I am a fan of artist George Catlin. I know he is surrounded by controversy. Some believing he exploited and others saying he captured in his portraits a people and way of life that would soon be destroyed. 

George visited 48 tribes in 6 years leaving us with a look back.  While some of his portraits are detailed and show great care, 
                      Little Wolf by George Catlin

others appear clumsy and rough. 

                          Du-cór-re-a, Chief of the Tribe, and His Family by George Catlin

Perhaps some people sat with pride and patience and others were shy and elusive causing him to have to draw fast.

In honor of my solo adventure into the once Wild West I have chosen his portraits of women. 
Oó-je-en-á-he-a, Woman Who Lives in a Bear's Den  -  George Catlin,

This week enjoy Women of This Land. 

Monday, July 24, 2017

Tennis Smashed

I am not a tennis person. My parents did not play. I knew nobody in their circle who played. It was off my radar until my sophomore year of high school. It was part of the Athletic program and I had friends who played. Still it did not interest me. Since then I have had associates, acquaintances, and clients who have played.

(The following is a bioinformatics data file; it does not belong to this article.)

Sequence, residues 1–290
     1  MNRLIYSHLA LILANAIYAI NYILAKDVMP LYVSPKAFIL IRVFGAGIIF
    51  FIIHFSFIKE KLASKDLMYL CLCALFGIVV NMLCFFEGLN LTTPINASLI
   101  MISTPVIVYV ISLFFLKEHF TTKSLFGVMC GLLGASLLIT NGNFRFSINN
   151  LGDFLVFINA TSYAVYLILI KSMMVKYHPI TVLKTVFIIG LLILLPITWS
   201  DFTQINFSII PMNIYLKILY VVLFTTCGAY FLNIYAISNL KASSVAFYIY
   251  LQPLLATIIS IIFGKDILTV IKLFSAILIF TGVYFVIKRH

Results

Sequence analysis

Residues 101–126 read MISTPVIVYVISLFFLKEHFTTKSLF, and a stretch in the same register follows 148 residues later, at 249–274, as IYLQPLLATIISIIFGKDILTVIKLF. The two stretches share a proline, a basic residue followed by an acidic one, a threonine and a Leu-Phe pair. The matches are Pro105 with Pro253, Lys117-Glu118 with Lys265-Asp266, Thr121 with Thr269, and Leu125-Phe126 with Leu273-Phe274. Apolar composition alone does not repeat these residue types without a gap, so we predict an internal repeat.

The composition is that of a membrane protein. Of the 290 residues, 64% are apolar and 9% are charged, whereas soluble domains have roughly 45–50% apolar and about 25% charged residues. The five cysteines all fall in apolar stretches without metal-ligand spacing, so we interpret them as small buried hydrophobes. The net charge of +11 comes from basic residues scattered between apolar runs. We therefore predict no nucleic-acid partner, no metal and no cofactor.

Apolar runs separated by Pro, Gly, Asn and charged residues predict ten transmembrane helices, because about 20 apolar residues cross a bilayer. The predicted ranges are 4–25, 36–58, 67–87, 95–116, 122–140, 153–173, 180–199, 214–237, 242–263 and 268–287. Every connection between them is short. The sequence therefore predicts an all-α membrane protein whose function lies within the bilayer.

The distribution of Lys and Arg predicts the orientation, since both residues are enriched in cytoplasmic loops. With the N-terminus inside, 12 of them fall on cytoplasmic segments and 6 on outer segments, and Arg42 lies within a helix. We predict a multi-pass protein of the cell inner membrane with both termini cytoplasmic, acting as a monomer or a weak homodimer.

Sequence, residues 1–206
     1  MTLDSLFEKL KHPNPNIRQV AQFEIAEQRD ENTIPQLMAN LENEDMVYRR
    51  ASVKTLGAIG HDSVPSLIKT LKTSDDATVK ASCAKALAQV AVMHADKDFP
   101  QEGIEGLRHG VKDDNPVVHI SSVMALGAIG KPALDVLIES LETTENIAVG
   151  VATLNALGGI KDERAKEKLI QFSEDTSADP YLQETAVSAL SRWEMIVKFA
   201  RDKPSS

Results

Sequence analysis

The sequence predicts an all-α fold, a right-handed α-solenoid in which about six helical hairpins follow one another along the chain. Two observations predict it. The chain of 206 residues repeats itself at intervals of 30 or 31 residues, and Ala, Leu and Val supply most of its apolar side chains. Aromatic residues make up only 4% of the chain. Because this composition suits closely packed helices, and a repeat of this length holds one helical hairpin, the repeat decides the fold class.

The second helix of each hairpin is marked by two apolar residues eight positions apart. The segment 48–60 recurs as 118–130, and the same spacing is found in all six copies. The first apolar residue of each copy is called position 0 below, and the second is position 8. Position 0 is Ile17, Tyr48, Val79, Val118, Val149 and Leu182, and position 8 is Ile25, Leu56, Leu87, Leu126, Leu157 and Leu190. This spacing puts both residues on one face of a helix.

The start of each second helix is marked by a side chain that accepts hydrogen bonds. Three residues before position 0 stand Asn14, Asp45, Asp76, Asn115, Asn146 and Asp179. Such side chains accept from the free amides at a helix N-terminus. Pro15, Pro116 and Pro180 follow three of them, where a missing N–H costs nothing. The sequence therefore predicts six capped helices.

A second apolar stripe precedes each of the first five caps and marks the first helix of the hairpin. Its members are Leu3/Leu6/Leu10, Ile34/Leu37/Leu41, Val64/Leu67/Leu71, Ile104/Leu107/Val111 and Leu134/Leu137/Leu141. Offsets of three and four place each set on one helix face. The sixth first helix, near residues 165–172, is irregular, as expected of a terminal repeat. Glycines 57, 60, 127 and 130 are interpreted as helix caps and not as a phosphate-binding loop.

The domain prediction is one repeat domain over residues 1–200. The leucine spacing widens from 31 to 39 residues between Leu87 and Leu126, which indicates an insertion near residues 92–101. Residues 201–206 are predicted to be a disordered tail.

One in particular Val. I dropped by her place the other day and she opened the door while glued to the Television. Strange for her as I rarely find her with it on. She was engrossed in Wimbledon. She loves it.

So, when I came across the heckler video from Wimbledon I was inspired.

It is believed that the game of tennis originated in France in the 12th century and was first played without rackets being called jeu de paume. It was very popular with the nobility of France and in the 16th became widespread throughout Europe.

The Tennis Party  -  - Sir John Lavery

This week enjoy Tennis Smashed

Monday, July 17, 2017

Man Holds Man

I was browsing through some art sites for inspiration for this week’s show when I came across an odd sight. A portrait of a man holding a statuette with his family. It seemed strange to me right now in the moment but I am sure it held great meaning for the man as well as his family.